An important finding of the present study is the mechanism by which spleen ECs acquire the JAK2V617F mutation. Different hypotheses may be raised. In animal models, the so-called angiogenic monocytes contribute to neovessel formation, acquiring the phenotype of mature ECs at sites of active neoangiogenesis.29 It is possible that monocytes could play a similar role in MF and could therefore be responsible for the detection of the JAK-2 mutation in the splenic endothelium of our samples. However, in humans, it is currently thought that angiogenic monocytes (or CFU-Hill) can favor angiogenesis by secreting proangiogenic factors rather than directly participating in neovessel formation or endothelium turnover.30 An alternative hypothesis is that ECFCs, which circulate at high frequency in the peripheral blood of patients with MF,31 could operate as progenitor cells in the mature endothelium. The existence of a common progenitor to endothelial and hematopoietic cells in which the V617F mutation occurs could explain the involvement of V617F+ ECs in the process of endotheliopoiesis and endothelium renewal. However, we have repeatedly documented that circulating ECFCs lack the JAK2V617F mutation,32 and we further demonstrate herein its absence in the ECFCs resident in the spleen. At variance with our observations, Teofili et al have shown that ECFCs from patients with myeloproliferative disorders can carry the JAK2V617F mutation, rendering it possible that a mutated endothelium can derive from a mutated progenitor cell.33 However, mutated ECFCs were detected only in patients suffering from thrombotic events.33 The patients enrolled in our study never experienced thrombosis and never showed mutated ECFCs. Therefore, it seems unlikely that the mutated ECs that we detected in the spleen of PMF patients could have derived from mutated endothelial progenitor cells.

Two other mechanisms may potentially lead to the acquisition of external DNA material into ECs of the spleen in patients with MF. Cell fusion could account for JAK2V617F positivity of ECs if a mutated hematopoietic cell has fused with an EC. In addition, phagocytosis of cell-free JAK2V617F+ DNA or of JAK2V617F+ apoptotic bodies by ECs could also account for the detection of the mutation in splenic ECs, because it has been shown previously that cell-free DNA circulates in the peripheral blood of cancer patients.34 Although we cannot rule out these events in a categorical way, our findings of high levels of expression of JAK2V617F in cultured ECs, the absence of aneuploidy and/or tetraploidy in the same cells, and FISH analysis of ECs in spleen sections indicated that no extra DNA was present in the samples that were found to harbor the JAK2V617F mutation. Consistent with this assumption are: (1) the high frequency of mutated ECs detected in our samples, which makes the occurrence of cell fusion unlikely (in fact, we never observed the presence of binucleated cells in ECs cultured in vitro), and (2) the finding of ECs with the JAK2V617F mutation in homozygosity, which makes the occurrence of cell-free DNA phagocytosis very unlikely.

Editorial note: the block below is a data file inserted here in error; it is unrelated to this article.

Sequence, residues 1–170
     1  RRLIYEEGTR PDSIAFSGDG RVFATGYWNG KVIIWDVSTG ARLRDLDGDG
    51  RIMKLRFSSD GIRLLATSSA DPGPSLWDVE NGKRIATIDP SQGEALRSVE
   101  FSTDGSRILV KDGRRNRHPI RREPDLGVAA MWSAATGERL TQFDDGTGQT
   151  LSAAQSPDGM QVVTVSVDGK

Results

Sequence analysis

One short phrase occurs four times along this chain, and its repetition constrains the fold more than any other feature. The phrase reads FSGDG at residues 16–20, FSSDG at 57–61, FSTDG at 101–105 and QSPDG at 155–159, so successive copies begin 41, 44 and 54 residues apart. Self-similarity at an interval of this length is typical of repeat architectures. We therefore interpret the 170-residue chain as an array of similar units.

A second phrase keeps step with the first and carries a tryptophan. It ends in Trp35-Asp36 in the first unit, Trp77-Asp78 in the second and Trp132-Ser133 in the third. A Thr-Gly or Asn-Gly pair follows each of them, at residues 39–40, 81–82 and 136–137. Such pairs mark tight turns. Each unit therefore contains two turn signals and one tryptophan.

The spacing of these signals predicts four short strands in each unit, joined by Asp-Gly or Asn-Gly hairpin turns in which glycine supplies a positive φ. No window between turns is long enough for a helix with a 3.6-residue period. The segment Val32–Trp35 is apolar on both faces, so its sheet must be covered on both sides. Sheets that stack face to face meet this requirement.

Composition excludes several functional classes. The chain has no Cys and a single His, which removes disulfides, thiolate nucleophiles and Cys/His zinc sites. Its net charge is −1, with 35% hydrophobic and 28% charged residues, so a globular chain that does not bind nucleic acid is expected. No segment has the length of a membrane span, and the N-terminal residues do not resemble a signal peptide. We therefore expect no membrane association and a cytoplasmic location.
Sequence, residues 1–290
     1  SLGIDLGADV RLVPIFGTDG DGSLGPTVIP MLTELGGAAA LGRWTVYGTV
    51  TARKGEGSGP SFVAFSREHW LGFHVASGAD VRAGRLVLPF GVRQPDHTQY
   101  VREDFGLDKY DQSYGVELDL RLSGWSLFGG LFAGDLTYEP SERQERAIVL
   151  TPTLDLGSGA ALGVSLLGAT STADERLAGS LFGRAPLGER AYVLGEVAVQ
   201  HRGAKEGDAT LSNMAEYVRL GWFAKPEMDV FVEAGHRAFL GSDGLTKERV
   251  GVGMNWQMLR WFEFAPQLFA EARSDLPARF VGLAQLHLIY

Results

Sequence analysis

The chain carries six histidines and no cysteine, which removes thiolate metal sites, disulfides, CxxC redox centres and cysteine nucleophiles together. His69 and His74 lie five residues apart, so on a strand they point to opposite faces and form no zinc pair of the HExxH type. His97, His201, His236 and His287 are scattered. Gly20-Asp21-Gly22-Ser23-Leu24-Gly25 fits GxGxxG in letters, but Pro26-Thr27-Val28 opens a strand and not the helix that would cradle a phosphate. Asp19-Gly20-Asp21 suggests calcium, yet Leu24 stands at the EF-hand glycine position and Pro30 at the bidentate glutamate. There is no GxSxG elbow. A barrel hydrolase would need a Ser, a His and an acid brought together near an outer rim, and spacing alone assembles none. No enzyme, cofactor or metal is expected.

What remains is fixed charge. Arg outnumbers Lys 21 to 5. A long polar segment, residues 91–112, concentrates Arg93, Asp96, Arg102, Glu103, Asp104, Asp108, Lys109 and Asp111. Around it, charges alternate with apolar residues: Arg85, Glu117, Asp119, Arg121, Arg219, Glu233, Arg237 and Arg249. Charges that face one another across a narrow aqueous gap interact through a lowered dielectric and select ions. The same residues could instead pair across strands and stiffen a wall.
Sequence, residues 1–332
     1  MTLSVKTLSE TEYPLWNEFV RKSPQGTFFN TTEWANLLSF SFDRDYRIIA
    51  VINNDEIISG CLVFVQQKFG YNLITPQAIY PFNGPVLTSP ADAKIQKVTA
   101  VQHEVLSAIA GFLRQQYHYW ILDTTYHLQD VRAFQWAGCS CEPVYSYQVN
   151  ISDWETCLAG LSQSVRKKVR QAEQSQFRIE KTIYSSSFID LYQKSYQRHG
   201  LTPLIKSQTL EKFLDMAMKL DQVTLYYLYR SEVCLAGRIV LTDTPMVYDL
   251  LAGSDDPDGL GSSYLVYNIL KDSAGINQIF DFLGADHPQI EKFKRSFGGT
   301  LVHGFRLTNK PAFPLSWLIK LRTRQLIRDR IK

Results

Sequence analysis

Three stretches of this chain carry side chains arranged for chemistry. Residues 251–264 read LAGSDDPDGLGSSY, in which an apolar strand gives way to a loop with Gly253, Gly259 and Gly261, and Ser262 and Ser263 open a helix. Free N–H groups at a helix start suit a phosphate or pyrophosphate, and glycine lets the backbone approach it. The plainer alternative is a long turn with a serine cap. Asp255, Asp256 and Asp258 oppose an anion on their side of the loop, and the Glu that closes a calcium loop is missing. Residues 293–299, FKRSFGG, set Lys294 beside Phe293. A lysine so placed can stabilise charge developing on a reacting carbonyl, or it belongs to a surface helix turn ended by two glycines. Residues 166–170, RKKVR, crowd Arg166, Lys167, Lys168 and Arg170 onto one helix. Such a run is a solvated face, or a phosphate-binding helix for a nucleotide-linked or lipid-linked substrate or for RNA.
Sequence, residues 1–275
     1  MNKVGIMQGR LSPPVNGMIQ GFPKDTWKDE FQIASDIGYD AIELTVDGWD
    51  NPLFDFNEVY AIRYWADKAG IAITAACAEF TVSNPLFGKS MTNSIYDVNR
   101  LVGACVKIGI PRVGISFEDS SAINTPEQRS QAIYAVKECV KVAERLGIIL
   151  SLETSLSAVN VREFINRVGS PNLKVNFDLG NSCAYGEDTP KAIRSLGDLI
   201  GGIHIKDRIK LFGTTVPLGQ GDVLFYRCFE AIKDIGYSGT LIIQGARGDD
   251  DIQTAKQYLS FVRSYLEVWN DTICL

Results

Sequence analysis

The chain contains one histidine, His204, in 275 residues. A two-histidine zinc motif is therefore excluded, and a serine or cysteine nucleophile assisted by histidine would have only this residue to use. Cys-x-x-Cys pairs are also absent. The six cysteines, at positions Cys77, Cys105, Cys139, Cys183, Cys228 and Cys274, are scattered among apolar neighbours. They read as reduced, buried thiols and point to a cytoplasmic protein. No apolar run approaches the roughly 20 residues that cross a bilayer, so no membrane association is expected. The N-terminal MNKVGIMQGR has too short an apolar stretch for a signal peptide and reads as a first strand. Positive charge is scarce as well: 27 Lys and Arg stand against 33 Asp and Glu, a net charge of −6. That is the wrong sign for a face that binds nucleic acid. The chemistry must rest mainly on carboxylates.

An intriguing hypothesis for explaining the presence of the mutation in splenic ECs and splenic vein is that the MF stem cell (which is a hematopoietic stem cell) actually represents the cell giving rise to mutated endothelia. This event, which has been described in glioblastoma1619 and in neuroblastoma,15 would assimilate the spleen of patient with MF to a solid tumor and would justify the extension of the phenomenon to the microvessels and to the large vessels of the spleen. It is currently a matter of debate whether differentiation of tumor stem cells into ECs is orchestrated by microenvironmental factors, by specific DNA reprogramming of the neoplastic stem cells, or both.35 The existence of JAK2V617F ECs could have important consequences in the physiopathology of the disease. For example, considering the role that ECs play in the organization and function of the stem cell niche, an altered vascular niche in the spleen could be involved in determining both the increased migratory behavior and the enhanced differentiative predisposition that have been documented recently in CD34+ hematopoietic progenitor cells derived from the spleen of PMF patients compared with their peripheral blood–derived counterparts.36,37

Unexpectedly, no enhanced sensitivity to erythropoietin of JAK2-mutated ECs was observed when proliferation and eNOS synthase expression were assessed after exposure to low concentrations of erythropoietin. However, the effects of erythropoietin on ECs have been reported previously to be subtle and are controversial.38 Therefore, it is possible that a deeper and more extensive investigation (which was outside the scope of this work) will show that the mutation really confers to mutated ECs an increased sensitivity to erythropoietin.